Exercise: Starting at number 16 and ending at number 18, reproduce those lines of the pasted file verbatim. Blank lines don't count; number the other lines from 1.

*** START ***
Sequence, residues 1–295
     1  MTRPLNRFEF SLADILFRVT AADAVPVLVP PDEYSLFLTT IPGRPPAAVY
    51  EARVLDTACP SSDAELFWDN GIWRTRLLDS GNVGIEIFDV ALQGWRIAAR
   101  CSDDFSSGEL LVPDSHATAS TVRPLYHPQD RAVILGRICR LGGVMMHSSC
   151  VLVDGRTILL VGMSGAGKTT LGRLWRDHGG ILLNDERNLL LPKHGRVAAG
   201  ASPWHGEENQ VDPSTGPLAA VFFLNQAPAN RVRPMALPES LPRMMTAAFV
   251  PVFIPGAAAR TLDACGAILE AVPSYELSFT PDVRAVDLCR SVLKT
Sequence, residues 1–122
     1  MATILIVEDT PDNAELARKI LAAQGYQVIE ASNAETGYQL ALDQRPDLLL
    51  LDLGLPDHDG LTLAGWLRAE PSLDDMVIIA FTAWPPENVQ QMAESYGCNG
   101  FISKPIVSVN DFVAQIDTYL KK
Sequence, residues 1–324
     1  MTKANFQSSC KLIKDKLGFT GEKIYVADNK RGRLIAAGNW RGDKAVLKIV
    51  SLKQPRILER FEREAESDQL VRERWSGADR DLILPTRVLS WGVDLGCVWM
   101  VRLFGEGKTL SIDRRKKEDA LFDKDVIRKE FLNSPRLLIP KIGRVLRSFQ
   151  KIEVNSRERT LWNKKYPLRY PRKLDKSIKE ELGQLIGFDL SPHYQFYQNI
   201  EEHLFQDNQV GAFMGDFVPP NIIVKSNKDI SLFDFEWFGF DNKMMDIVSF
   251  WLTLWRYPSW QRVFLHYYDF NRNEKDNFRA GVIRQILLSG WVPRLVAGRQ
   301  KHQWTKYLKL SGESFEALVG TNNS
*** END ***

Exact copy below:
   151  KIEVNSRERT LWNKKYPLRY PRKLDKSIKE ELGQLIGFDL SPHYQFYQNI
   201  EEHLFQDNQV GAFMGDFVPP NIIVKSNKDI SLFDFEWFGF DNKMMDIVSF
   251  WLTLWRYPSW QRVFLHYYDF NRNEKDNFRA GVIRQILLSG WVPRLVAGRQ